Iran Turns Heat on GCC

Advertisement

Tehran says the latest “destructive” statement proves GCC’s “strategic bewilderment”

 Iran on Thursday slammed the anti-Iran statement by the Gulf Cooperation Council (GCC) as “repetitive” and “destructive,” and said such a statement shows the “entirely wrong” approach and “strategic bewilderment” toward Iran by some member states.

Such “threadbare” GCC statements fail to have any other function but create regional tensions, and are apparently aimed at “neutralizing” the outcomes of the Islamic republic’s diplomatic move and interactions with neighbors, friendly states and partners, said Iranian Foreign Ministry spokesman Saeed Khatibzadeh.

On Wednesday, the GCC’s Ministerial Council held its 152nd session in Saudi Arabia’s capital Riyadh. In a statement issued at the end of the meeting, the GCC criticized Iran’s regional strategies and missile program.

Commenting on the request by some GCC member states to be part of the talks on the revival of the 2015 nuclear deal, Khatibzadeh said the 2015 agreement and the UN Resolution 2231 have made it clear which countries are the signatories to the international treaty and can take part in the negotiations. Therefore, making such requests, Khatibzadeh said, only demonstrates the depth of the council’s failure to see the realities.

The GCC has turned into the biggest arsenal of U.S. and Western arms and ammunition and is in no position to pass comments on Iran’s defensive missile program and military and defense policies, he added.

Ship’s Seizure

Khatibzadeh also rejected the recent statements by France and Germany on Iran’s seizure of two Greek tankers in the Gulf.

“We strongly reject the issuance of such one-sided and unjustifiable statements, which seem to have become a constant habit among its producers,” said Khatibzadeh in a statement.

He asked the French and German governments to support international litigation aimed at ensuring freedom of navigation and maritime security, instead of “supporting violations committed by the Greek ships.”

“Such improper interference in the independent judicial processes of our country will not help resolve the issues, so as we have told the Greek authorities, it is appropriate to resolve the issues through our country’s legal and judicial authorities, instead of resorting to political and media means,” the spokesman said.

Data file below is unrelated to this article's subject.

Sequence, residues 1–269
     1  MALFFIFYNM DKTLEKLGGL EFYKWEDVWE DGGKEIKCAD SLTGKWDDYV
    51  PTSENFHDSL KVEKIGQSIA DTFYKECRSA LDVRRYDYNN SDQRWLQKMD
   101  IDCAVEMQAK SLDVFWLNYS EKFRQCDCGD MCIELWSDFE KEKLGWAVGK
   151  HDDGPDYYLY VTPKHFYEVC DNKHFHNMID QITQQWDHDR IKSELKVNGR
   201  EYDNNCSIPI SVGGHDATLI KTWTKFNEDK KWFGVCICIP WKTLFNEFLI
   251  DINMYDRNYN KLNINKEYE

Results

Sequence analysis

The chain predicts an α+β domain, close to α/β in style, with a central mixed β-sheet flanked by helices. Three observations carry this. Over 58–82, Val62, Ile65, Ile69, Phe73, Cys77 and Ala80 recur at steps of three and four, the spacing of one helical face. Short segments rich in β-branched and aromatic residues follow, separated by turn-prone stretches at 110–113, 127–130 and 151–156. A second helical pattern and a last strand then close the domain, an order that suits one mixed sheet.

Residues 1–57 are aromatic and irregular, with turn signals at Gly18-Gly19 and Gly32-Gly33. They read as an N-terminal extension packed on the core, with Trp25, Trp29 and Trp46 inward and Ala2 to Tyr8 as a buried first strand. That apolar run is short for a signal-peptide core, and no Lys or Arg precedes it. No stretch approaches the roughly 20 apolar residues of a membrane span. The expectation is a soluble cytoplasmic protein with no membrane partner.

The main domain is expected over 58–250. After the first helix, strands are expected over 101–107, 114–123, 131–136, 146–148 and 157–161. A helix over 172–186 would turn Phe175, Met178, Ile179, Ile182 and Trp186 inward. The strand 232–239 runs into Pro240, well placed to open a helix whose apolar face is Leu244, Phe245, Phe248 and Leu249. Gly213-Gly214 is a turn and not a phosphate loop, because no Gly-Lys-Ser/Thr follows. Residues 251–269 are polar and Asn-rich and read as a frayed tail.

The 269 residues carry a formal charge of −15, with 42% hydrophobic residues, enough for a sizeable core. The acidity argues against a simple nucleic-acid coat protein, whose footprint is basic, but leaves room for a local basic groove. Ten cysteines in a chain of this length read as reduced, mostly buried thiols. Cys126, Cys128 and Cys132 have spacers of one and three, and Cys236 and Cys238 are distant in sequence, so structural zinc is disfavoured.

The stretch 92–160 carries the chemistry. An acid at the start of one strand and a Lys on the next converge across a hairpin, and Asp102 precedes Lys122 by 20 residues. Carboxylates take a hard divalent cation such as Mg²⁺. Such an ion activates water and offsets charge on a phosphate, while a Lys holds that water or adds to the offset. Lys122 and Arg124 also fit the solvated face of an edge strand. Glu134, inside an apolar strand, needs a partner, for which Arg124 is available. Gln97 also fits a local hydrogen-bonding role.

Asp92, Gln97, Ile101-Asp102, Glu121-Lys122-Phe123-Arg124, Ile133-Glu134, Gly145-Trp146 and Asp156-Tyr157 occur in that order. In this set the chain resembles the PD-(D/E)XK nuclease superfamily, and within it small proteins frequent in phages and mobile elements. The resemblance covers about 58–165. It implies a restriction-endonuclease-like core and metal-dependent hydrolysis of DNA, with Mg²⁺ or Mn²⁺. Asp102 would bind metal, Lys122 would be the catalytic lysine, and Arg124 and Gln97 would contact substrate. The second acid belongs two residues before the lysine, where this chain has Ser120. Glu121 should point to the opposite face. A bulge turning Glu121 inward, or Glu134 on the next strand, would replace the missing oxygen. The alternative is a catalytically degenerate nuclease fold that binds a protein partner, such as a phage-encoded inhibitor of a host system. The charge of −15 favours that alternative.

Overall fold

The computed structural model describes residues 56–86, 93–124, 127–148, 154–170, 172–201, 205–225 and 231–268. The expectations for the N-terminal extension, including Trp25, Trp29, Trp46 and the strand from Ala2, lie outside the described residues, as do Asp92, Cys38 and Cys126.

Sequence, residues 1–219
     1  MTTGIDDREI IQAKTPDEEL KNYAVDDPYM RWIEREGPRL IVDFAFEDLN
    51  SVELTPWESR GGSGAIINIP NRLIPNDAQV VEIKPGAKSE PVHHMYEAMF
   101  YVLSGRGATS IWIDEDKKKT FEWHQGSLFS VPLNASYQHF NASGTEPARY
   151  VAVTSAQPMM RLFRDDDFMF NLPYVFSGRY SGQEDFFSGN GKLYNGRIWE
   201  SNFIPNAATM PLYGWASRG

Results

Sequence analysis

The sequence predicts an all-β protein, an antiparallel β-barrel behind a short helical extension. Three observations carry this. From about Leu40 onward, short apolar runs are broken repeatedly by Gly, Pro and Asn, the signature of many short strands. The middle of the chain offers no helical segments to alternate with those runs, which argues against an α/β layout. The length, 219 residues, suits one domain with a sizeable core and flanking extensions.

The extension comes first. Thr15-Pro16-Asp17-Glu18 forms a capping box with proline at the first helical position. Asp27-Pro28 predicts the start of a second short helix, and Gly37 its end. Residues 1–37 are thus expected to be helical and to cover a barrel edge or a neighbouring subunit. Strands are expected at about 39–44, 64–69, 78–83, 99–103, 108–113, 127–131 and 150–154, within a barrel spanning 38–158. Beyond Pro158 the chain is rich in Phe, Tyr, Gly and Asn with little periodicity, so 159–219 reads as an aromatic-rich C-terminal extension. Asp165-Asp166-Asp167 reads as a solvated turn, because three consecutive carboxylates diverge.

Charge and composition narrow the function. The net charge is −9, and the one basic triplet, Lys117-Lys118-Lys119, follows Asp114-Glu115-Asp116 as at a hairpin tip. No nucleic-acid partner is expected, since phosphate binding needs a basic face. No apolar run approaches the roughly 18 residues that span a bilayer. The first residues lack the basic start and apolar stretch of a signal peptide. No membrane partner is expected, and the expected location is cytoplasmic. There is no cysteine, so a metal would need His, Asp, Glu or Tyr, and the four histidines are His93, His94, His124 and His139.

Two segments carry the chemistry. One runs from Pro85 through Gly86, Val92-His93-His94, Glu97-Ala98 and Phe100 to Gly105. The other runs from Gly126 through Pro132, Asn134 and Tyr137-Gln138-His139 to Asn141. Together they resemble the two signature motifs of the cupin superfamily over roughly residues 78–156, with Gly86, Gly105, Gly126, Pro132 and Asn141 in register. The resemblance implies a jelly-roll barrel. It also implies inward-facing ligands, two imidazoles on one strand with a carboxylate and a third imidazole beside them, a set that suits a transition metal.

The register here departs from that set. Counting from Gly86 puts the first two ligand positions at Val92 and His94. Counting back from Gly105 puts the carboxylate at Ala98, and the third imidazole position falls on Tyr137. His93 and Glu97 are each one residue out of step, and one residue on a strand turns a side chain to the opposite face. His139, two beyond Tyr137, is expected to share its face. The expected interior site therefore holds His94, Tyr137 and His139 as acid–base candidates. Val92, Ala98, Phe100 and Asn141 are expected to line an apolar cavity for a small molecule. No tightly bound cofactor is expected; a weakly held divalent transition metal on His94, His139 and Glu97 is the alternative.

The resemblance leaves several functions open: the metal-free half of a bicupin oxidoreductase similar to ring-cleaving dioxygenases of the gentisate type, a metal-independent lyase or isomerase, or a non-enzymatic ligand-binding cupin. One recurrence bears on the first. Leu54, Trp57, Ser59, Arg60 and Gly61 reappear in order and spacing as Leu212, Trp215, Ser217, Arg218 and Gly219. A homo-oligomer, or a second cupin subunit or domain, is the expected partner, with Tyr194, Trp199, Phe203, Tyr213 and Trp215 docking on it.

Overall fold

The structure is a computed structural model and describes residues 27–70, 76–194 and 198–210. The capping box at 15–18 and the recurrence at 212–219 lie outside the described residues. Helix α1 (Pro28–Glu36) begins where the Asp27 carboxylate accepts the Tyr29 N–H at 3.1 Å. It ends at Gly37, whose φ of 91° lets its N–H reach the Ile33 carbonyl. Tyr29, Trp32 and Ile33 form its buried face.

Iran’s Islamic Revolution Guards Corps seized two Greek oil tankers in the Gulf on Friday, for what it calls a “violation” of maritime regulations, days after a Russia-operated ship was captured by Greece in its territorial waters with its Iranian crude cargo confiscated by the United States.

Talks with the US

The Iranian Foreign Ministry spokesman blamed U.S. “indecision” for the present pause in the Vienna nuke talks, saying if Washington stops its “hesitation” and makes its political decision, there will be no deadlock in the negotiations and the agreement can be finalized.

Making the remarks at a regular press conference, Saeed Khatibzadeh added the hiatus in the talks is due to a lack of U.S. response to the initiatives proposed by Iran and Europe, according to the official news agency IRNA.

He noted that messages have been exchanged between the sides over the past days, but the United States has yet to give the expected responses.

“We should wait and see when the United States would intend to announce its decision,” Khatibzadeh said.

ALSO READ: Iran sees breakthrough in Gulf Arab ties

He stressed that the focus of the negotiations is on issues about ensuring Iran’s economic interests within the framework of the nuclear deal, formally known as the Joint Comprehensive Plan of Action (JCPOA), and disabling each and every component of U.S. “maximum pressure” campaign.

Iran signed the JCPOA with the world powers in July 2015 accepting to put some curbs on its nuclear program in return for the removal of the sanctions on Tehran. However, former U.S President Donald Trump pulled his country out of the agreement in May 2018 and reimposed unilateral sanctions on Iran, prompting the latter to reduce some of its nuclear commitments under the agreement in retaliation.

Since April 2021, several rounds of talks have been held in the Austrian capital between Iran and the remaining JCPOA parties to revive the deal.

Iran insists on obtaining guarantees from the U.S. government on not to drop the deal again, and calls for lifting the sanctions in a verifiable manner.

[mc4wp_form id=""]